Tuesday, January 14, 2020

Drumbeat of Joy, Part 2

Continuing from the sermon...

The first scripture I want us to read is from Isaiah 35:1-10.  As I read it, listen for the joy in it.  It is a poem written to provide hope to those in exile for their return to Jerusalem.  (Scripture can be found here)

Think for a moment to whom these words were written.  They are part of what scholars call Second Isaiah, and were written about 45 years after the destruction of Judah and Jerusalem by the Babylonians, and the people’s exile out of their land.  Consider their circumstances – they had been God’s people, and now they were doubting that.  They had lived in the land God had given them, and now they were away from that.  They had lived close to a powerful God who inhabited the Temple, and now the temple was gone, and they were doubting the power of God. They were far away from home, captive in another land, and they had been there a long time – 45 years means that many of them wouldn’t even remember what it was like to not be in exile.  It was a dark, hopeless time.  Had God forgotten them?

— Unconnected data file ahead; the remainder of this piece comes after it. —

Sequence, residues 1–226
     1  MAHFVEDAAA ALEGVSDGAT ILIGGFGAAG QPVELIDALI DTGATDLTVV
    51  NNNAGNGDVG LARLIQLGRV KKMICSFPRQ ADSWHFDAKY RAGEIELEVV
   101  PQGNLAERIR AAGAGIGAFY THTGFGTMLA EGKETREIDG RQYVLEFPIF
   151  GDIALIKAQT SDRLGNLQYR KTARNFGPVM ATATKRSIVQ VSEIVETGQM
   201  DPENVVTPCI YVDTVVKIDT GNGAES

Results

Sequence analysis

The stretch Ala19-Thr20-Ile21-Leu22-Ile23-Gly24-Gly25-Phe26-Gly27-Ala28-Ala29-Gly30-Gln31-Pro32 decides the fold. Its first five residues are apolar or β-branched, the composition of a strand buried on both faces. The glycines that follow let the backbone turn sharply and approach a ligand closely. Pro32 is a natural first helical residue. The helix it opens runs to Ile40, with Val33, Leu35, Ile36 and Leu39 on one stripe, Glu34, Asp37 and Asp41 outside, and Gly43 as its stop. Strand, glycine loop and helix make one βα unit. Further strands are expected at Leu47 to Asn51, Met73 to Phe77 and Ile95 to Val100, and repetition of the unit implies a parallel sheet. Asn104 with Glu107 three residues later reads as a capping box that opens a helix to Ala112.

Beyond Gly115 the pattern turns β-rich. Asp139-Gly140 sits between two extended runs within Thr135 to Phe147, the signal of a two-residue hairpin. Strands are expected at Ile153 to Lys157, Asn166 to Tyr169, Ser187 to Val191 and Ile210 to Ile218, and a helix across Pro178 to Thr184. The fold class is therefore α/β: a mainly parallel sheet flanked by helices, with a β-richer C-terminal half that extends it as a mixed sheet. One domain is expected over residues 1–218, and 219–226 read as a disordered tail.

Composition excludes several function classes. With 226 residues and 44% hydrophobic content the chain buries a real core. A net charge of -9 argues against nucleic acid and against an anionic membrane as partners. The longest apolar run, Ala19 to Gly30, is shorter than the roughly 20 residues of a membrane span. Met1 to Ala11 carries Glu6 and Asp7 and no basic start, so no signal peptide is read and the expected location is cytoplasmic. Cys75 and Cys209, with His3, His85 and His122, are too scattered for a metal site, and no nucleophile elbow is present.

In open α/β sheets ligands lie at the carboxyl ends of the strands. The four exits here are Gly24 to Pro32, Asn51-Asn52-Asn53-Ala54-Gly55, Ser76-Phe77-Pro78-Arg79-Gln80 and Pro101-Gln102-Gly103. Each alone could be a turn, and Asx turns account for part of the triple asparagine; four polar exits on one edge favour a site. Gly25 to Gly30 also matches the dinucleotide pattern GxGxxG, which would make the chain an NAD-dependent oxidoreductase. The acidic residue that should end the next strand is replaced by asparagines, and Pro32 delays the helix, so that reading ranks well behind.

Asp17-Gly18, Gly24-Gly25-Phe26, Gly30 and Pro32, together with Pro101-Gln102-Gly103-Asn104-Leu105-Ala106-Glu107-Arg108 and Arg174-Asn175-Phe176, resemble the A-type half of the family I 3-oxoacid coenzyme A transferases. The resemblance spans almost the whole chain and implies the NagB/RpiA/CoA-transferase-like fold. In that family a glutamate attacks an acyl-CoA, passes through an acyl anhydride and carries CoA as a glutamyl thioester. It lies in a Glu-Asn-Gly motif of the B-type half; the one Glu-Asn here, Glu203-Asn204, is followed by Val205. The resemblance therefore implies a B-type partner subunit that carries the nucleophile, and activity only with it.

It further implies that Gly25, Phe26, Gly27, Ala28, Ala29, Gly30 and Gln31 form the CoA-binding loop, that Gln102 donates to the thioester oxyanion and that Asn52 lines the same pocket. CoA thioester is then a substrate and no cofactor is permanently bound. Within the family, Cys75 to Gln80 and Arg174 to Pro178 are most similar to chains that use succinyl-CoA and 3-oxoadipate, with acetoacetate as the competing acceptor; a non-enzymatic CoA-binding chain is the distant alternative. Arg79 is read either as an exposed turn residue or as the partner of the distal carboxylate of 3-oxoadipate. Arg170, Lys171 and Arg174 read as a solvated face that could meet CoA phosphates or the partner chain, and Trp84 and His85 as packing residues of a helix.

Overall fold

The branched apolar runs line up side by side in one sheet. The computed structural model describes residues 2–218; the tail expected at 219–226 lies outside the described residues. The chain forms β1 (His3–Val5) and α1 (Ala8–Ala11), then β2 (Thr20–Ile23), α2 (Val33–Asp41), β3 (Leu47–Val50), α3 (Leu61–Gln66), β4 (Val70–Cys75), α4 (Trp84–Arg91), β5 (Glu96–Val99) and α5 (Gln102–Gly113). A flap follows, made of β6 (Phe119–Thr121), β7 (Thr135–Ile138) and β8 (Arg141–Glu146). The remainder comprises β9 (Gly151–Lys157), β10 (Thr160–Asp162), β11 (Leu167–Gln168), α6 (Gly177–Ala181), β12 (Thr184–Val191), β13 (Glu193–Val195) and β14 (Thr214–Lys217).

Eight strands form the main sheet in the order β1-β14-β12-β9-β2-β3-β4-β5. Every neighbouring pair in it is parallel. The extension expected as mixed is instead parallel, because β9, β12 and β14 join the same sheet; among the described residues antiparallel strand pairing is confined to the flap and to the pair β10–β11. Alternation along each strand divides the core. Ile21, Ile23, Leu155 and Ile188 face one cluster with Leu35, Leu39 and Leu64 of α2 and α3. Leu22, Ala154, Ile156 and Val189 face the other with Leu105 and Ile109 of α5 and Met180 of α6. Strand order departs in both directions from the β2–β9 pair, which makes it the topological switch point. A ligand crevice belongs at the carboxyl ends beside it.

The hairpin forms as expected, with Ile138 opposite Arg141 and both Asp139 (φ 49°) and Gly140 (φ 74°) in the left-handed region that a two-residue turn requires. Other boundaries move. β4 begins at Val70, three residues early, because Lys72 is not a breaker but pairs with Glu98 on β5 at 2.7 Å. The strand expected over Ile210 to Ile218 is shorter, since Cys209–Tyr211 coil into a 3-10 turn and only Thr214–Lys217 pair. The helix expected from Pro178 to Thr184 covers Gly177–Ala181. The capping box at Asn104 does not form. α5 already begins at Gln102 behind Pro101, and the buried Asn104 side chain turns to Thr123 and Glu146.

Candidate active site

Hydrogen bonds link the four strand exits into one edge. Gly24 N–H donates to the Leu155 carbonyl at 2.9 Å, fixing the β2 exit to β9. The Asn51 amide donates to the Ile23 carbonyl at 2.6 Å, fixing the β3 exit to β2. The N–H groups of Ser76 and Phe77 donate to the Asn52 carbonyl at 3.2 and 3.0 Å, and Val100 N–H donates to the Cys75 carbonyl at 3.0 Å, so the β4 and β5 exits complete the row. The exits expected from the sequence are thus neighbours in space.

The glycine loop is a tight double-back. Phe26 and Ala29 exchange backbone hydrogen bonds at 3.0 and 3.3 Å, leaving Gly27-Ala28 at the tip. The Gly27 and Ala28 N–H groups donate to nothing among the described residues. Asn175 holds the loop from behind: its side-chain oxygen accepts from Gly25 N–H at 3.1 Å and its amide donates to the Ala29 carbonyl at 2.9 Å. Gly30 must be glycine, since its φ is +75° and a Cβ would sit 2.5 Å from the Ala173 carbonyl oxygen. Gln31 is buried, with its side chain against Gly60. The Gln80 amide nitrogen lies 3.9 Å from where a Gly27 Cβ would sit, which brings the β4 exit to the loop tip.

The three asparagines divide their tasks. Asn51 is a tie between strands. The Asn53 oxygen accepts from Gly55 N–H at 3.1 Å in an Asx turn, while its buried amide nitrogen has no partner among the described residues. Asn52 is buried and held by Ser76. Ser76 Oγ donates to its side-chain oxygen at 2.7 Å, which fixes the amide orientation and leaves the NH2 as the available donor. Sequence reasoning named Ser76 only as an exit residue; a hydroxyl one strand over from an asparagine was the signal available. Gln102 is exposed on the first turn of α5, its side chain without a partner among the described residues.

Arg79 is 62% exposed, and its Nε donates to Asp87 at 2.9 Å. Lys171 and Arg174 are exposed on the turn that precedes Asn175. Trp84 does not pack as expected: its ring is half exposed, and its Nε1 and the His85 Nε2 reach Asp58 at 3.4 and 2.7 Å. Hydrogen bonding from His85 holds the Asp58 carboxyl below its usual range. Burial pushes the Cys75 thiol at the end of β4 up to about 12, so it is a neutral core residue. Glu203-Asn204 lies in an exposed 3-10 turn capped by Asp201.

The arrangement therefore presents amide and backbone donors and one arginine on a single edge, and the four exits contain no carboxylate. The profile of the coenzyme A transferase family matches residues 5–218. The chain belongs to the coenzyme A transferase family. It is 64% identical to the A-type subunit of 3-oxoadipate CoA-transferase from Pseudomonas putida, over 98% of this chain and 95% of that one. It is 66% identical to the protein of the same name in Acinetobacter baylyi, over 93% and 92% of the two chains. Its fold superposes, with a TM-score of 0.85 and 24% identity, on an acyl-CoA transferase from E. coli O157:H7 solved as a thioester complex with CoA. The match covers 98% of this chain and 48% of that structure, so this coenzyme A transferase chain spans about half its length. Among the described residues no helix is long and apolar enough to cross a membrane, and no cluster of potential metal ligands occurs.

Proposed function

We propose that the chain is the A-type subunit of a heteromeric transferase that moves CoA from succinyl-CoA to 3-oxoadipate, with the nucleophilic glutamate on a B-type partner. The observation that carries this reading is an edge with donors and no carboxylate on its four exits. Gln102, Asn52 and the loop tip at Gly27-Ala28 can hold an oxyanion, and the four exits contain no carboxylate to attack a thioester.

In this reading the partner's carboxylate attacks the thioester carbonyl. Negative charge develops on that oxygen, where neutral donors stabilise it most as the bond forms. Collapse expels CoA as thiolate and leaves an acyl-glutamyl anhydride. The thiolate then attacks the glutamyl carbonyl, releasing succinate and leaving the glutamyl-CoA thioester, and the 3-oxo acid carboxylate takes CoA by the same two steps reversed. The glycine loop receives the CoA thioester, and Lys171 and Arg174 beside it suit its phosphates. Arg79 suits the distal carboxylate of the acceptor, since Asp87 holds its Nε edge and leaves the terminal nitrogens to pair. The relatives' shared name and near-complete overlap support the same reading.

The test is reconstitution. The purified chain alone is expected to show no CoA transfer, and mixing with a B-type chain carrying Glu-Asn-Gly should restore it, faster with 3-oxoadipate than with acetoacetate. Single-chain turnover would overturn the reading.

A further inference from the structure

And then the Word of the prophet comes, speaking of hope and joy.  Remember, words of prophecy are often truth-telling, not necessarily fortune-telling.  Isaiah is telling them a truth they should know already.  The prophet speaks to them of the presence of God, so clear that even the earth knows the difference.  The prophet speaks to them of salvation.  We think about salvation as God bringing us forgiveness and eternal life – and it is, but there is more.  Amy Jill Levine, in her book Light of the World, says that “salvation means freedom or release from current circumstances: slavery, poverty, ill health, hunger, and thirst.”  Isaiah speaks of a Holy Way, along which even those whose sense of direction is terrible will not get lost. It will be a holy way to the Holy City of Jerusalem.  And it is not only a return to the place where God is, but also a return to relationship with God.  These are words of joy.  Can you hear the drumbeat of them?

A few years ago, Steve and I were youth counselors at our church.  With another couple, we had taken the youth to Spring Heights for a retreat.  At the end of the weekend, the vans were packed, and we were ready to leave, but we circled up in the field that is there and prayed together.  Steve led the prayer of thanksgiving for the weekend, and the as he did, the wind picked up and blew around us.  I don’t know how to explain it, but it felt like the holy spirit was blowing around and among us, circling us as we prayed together.  Have you ever had an experience where God was so close in the world around you, in the nature around you, that you just know it.  There is joy in that.  Isaiah was giving the exiled people – people in darkness who are doubting God’s love and power – doubting God’s presence with them - words to reassure them that God was there with them, and that God would lead them home. 

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